An interview with Ron Lizzi, author of the book Go Outside and Come Back Better

Go Outside and Come Back Better

What was the inspiration for writing this book?

I began adulthood as a homebody. I spent vacation time working on my house in Connecticut. But my job, designing watches for Timex, forced me to travel. On business trips to the West, I decided to visit some national parks while I was already out there.

I had never experienced places so amazing and was completely overwhelmed by what I saw and felt. I resolved to dedicate more vacation time to seeing such places. Over time, I recognized that these trips weren't merely nice vacations; they were actually improving my life as a whole, something I never expected. I was having some of the best days of my life simply by deciding to go and explore America's wonderful parks, and this was a revelation for me.

Somehow I had gotten far into adulthood without understanding how spending time in nature could improve my life. I figured that there had to be many other people like me. That inspired me to write Go Outside and Come Back Better. I wanted it to be nature's brochure, a book that would showcase America's incredible diversity of scenery and explain how spending time in nature can inspire, teach, and improve lives.

Can you elaborate on your concept of "matterdays"?

Once I recognized that my trips to the parks were changing me, I tried to understand what was happening. I concluded that the days I was spending in the parks were so good, so significant that they were improving the quality of my life overall. In short, those days mattered, whereas most days didn't. I call them matterdays in my book, and I define them as days that impact the quality of one's life. Matterdays can be great or terrible or anything in between.

I also reasoned that great matterdays, like those I spent in the parks, had more impact than matterdays that were merely good or bad. This led me to envision a balance, like a see saw, with great matterdays as stones placed near the positive end, where they affected the balance more than stones nearer the middle. That yielded the book's concept of the day stone balance, a measure of the quality of one's life, where all of one's matterdays were represented as stones on the balance. The important lesson for the reader was that great matterdays weren't limited to life's rare milestones, like graduations, promotions, and marriage; they could also be created with visits to spectacular parks.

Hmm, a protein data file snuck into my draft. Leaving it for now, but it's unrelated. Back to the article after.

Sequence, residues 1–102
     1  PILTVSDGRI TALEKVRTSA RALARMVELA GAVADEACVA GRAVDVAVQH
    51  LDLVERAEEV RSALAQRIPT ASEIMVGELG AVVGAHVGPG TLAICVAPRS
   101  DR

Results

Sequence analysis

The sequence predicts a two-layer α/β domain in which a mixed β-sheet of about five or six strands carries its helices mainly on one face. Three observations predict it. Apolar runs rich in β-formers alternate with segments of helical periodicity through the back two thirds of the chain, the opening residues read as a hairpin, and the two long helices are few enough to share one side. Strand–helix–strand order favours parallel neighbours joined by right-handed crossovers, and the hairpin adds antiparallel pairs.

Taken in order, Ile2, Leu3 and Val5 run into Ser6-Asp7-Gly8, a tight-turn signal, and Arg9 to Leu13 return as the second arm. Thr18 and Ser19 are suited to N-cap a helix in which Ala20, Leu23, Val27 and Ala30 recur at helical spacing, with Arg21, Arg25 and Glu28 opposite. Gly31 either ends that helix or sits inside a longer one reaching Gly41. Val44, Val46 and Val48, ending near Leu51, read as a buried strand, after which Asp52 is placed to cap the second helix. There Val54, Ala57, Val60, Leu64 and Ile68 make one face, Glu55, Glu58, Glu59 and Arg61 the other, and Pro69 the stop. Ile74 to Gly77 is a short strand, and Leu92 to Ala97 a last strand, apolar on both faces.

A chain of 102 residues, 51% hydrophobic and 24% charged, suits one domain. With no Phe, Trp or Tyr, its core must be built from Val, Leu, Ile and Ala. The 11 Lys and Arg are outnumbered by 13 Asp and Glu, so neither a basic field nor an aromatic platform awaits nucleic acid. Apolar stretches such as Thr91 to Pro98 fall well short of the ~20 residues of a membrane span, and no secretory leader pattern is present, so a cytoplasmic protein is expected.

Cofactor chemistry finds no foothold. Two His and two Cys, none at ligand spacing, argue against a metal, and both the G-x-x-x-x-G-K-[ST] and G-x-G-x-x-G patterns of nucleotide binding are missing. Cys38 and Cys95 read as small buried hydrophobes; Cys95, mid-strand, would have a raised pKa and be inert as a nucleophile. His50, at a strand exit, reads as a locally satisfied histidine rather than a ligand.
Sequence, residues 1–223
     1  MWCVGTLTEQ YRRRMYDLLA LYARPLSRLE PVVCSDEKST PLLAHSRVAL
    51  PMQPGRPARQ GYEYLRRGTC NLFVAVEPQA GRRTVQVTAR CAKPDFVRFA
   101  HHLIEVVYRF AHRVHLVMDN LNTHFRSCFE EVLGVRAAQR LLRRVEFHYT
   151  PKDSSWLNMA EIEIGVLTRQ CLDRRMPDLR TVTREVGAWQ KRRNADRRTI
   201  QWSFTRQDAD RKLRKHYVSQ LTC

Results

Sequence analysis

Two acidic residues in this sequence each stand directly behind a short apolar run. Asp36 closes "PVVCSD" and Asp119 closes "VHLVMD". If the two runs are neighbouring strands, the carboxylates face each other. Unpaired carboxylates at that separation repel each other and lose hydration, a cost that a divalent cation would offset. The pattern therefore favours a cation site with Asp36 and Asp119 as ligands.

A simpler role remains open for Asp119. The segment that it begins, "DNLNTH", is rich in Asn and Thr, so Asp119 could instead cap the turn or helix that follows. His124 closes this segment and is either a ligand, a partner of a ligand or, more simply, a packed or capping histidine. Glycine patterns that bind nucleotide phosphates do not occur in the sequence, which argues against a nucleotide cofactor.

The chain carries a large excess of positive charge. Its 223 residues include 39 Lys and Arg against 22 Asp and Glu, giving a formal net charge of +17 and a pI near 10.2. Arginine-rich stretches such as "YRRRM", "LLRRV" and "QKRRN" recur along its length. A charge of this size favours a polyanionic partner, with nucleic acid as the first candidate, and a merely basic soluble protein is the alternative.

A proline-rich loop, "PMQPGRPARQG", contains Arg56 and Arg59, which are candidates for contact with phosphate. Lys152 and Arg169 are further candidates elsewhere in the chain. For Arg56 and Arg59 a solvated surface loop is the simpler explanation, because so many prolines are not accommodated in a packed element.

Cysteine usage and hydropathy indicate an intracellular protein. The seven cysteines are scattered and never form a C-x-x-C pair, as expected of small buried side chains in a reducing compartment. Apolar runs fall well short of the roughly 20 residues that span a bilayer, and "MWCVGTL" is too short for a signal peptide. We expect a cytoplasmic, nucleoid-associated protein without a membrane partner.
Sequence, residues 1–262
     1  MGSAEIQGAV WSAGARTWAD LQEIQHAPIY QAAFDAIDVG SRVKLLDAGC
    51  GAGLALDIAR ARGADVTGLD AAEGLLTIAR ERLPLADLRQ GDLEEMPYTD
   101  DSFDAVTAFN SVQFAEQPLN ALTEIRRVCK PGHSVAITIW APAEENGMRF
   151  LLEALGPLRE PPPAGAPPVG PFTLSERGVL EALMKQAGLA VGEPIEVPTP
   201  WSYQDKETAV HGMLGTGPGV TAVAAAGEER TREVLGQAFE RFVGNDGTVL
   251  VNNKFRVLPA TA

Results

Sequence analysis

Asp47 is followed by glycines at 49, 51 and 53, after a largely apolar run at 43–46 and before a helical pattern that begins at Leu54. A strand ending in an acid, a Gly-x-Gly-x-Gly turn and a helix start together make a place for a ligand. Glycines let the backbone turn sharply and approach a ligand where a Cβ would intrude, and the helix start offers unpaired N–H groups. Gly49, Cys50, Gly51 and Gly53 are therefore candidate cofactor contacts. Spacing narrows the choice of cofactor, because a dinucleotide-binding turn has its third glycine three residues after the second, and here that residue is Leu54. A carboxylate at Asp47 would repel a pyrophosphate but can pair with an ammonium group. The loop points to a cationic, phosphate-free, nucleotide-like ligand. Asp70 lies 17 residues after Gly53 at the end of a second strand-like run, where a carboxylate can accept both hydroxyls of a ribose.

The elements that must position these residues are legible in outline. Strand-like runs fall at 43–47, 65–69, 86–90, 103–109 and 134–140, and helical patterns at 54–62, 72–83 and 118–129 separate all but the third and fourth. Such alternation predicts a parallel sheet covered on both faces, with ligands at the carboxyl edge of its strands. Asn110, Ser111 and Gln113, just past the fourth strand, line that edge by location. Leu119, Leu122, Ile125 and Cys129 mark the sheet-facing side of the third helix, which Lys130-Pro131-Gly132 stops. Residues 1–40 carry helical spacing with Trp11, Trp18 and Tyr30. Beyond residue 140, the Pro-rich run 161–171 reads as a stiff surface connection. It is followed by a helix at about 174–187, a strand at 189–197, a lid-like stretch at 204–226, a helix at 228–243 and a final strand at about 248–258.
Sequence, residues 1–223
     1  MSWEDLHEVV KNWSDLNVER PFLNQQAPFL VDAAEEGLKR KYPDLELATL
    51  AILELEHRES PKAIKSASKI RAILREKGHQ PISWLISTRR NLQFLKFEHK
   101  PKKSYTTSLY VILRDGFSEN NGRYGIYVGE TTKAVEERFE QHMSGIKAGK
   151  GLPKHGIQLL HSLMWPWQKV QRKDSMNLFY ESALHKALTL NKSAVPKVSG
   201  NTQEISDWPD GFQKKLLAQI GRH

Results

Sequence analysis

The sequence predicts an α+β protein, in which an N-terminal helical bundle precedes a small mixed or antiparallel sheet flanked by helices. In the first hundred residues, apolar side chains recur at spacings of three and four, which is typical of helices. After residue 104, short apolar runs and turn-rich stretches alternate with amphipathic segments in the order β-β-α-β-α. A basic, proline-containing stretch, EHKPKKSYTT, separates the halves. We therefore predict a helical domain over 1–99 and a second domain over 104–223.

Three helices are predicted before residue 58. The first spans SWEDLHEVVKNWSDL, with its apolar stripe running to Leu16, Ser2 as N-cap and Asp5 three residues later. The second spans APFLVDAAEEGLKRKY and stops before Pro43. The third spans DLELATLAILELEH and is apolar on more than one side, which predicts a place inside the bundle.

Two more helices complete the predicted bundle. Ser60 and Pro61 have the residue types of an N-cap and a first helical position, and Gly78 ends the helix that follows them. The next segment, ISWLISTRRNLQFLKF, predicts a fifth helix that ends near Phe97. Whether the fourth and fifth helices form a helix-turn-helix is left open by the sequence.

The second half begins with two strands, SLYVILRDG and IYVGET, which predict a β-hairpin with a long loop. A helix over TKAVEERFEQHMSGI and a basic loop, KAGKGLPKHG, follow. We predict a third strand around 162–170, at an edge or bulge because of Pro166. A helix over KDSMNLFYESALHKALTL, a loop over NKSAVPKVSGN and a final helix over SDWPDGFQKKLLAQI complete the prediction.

For someone who doesn't understand how park visits can change a person, how do explain coming back better, as your book title says?

If you watch the news, you've undoubtedly seen interviews with people who have experienced horrific events, like war or natural disasters. Those people invariably say that they'll always carry the horrible images and feelings with them. Well, I'm on the positive side of that coin. I've witnessed breathtaking beauty, inspiring scenes, and I always carry those images and feelings with me. Now, that's not to say that one look at Yellowstone is as impactful as witnessing a tragedy, but I've accumulated hundreds of images and experiences, and they add up to a very positive view of the world.

In your book you describe how nature can provide both emotional and thoughtful inspiration. Do you think people can cultivate meaning through a connection with nature? Have you experienced this?

Absolutely. One of nature's biggest lessons for me was the joy of exploration and discovery. Before, my goal was to find a comfortable rut and stay in it. But my approach to life is better now because I'm more open to adventures that foster learning and growth. As the book trailer video says: "You live in the greatest museum imaginable. Isn't it time you left the lobby and took a look at some of the incredible exhibits?" I'm no longer content to remain in the lobby.